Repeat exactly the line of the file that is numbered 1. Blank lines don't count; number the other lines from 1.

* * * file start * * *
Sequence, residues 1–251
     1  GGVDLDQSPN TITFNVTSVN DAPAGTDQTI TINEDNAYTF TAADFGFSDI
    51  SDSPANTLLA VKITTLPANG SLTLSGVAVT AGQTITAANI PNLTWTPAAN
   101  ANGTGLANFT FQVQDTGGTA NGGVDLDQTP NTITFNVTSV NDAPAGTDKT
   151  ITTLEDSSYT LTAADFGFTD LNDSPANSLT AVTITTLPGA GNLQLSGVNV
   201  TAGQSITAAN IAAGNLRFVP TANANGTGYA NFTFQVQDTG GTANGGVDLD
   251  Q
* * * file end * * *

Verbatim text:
Sequence, residues 1–251